In response to the killings in Mexico of three mothers and six children with Utah ties, Sen. Mitt Romney and some of his Republican colleagues unveiled a bill Thursday that would impose sanctions on foreign crime organizations, including drug cartels.

The measure also would require the Trump administration to issue a report to Congress about last month’s killings near La Mora in northern Mexico. The report would include a conclusion as to whether the organization responsible should be designated a “Significant Transnational Criminal Organization” and face sanctions.

“This legislation will better equip us to meet the threats our nation faces from violent cartels and other foreign criminal networks,” Romney said in a news release.

The bill would echo laws already used against terror organizations. Crime syndicates could have their assets on U.S. soil or in U.S. banks seized, criminal charges could be filed and members of the organizations could be barred from entering the United States.

(Trent Nelson | Tribune file photo) U.S. Sen. Mitt Romney, R-Utah, in Salt Lake City, Oct. 10, 2019.

Leah Staddon, who lives in Queen Creek, Ariz., but grew up in La Mora and is related to the victims of last month’s killings, said in a text message Thursday that she supports anything that will hurt the cartels.

“They can’t be much more cutthroat than they already are,” Staddon wrote.

Romney is the second Utah senator to pursue consequences against the drug cartels.

On Nov. 25, Sen. Mike Lee, R-Utah, along with Sen. Ben Sasse, R-Neb., asked Treasury Secretary Steven Mnuchin, Secretary of State Mike Pompeo and FBI Director Christopher Wray to consider whether existing laws could be used to punish the drug cartels responsible for the killings.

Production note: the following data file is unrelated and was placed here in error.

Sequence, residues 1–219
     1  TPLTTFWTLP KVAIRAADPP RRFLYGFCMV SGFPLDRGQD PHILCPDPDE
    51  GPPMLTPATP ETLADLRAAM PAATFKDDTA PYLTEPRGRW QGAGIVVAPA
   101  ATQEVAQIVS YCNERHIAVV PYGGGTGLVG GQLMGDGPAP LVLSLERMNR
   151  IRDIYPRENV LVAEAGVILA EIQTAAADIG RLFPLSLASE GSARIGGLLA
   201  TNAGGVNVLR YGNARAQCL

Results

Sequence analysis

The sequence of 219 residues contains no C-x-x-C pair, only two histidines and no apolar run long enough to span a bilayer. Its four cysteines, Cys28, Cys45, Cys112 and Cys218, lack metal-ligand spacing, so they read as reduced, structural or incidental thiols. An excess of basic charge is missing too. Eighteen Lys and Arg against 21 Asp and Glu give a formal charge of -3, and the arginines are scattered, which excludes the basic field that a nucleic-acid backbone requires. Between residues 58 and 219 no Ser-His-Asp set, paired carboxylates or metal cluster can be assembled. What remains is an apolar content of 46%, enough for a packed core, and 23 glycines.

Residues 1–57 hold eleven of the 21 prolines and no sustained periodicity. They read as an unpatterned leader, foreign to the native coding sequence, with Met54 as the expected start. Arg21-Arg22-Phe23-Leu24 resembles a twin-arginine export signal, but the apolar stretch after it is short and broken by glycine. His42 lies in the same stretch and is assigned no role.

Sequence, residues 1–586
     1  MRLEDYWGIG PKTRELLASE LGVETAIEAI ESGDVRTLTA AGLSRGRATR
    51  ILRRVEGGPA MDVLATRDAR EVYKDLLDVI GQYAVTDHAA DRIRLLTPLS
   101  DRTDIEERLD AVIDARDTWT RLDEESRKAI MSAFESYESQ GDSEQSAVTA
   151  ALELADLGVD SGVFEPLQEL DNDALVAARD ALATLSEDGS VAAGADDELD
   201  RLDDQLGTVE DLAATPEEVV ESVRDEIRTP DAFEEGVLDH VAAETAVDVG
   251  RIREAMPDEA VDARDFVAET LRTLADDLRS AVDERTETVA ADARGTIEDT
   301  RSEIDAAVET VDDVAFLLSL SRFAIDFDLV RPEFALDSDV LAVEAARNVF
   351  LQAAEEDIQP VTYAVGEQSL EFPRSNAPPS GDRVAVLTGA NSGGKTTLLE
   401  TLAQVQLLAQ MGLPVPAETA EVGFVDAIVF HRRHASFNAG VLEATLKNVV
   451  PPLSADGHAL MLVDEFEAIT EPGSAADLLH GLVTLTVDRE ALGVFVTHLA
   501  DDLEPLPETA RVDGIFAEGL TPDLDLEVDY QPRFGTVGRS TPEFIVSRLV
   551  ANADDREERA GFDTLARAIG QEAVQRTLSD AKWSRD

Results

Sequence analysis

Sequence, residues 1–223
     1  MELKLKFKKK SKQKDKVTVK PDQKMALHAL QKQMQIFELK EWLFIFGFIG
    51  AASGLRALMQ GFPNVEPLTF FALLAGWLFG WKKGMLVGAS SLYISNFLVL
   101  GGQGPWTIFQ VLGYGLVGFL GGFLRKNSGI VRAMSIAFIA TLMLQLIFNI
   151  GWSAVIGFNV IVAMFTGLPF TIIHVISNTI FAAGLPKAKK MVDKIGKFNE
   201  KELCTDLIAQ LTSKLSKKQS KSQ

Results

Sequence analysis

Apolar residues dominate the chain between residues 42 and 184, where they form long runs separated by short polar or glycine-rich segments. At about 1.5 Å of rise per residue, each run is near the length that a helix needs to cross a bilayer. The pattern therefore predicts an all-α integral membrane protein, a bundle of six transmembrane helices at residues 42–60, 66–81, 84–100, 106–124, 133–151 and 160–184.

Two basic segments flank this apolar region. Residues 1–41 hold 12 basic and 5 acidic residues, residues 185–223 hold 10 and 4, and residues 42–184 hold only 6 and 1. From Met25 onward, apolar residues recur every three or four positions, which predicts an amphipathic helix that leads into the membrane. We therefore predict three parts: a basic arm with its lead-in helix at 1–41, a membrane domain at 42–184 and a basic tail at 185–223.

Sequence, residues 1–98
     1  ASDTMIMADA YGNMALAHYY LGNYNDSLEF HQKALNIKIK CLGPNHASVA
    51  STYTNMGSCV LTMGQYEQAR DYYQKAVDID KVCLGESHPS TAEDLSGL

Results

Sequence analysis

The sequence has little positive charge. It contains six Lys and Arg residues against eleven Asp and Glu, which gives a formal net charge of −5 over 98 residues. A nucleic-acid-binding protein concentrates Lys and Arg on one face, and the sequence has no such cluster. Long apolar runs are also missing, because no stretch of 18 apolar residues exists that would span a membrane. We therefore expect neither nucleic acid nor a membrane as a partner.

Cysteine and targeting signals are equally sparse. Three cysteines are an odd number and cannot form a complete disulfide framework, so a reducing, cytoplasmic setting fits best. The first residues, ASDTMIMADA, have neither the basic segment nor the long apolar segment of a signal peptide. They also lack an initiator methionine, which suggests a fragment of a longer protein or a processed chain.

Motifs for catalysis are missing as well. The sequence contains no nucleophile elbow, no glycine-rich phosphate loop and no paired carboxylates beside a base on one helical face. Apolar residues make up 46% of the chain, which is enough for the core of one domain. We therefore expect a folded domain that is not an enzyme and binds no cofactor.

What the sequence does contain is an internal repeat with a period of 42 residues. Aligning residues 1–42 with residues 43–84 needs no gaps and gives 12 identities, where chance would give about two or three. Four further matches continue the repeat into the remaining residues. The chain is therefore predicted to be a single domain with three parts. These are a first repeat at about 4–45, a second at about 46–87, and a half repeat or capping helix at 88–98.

Sasse is a co-sponsor of the bill with Romney. Other Republican co-sponsors are Tom Cotton of Arkansas, Marsha Blackburn of Tennessee, Lindsey Graham of South Carolina; Josh Hawley of Missouri, David Perdue of Georgia and John Cornyn and Ted Cruz, both of Texas.

On Nov. 4, gunmen opened fire on three cars on two stretches of dirt road east of La Mora. The first attack killed Rhonita Miller, 30, and four of her children: 12-year-old Howard, 10-year-old Krystal, and 8-month-old twins Titus and Tiana.

(Trent Nelson | The Salt Lake Tribune) A Mexican military vehicle passes the site where two vehicles were attacked by gunman, killing Dawna Ray Langford and Christina Marie Langford, along with two of Dawna's children (Trevor, 11, and Rogan, 3) near La Mora, Sonora on Friday Nov. 8, 2019.

About 10 miles up the road, men atop a ridge fired upon two SUVs carrying Dawna Langford, 43, and Christina Marie Langford Johnson, 31, and their children. The mothers died, as did two of Dawna Langford’s sons 11-year-old Trevor and 2-year-old Rogan.

La Mora’s residents — most of whom reportedly have now fled the town — can trace their roots to the late 19th and early 20th century, when members of The Church of Jesus Christ of Latter-day Saints went to Mexico to continue the practice of polygamy. The Utah-based faith abandoned polygamy more than a century ago and now excommunicates members found practicing it.

The families in La Mora have maintained U.S. citizenship, and many households have relatives who married into so-called fundamentalist Mormon groups in Utah.

Johnson’s brother, Adam Langford, is the former presidente (the equivalent of the mayor) in La Mora, Sonora. On Thursday, he declined to offer an opinion on the proposed legislation in the U.S. Senate. He was focused on another, more-recent problem for La Mora and northern Mexico.

Late last month, floods swept through La Mora and the surrounding communities. Langford said he lost some pecan trees and an irrigation pivot when the Rio Bavispe overflowed its banks, but he is better off than many Mexican households along the river.

“A lot of families lost their entire [herds] of cows," he said in a telephone interview.

Langford on Thursday was driving north to the twin communities of Hildale, Utah, and Colorado City, Ariz., to pick up relief supplies, including food, clothes and blankets. The relief effort is being organized by a registered charity in the twin border towns called Cherish Families.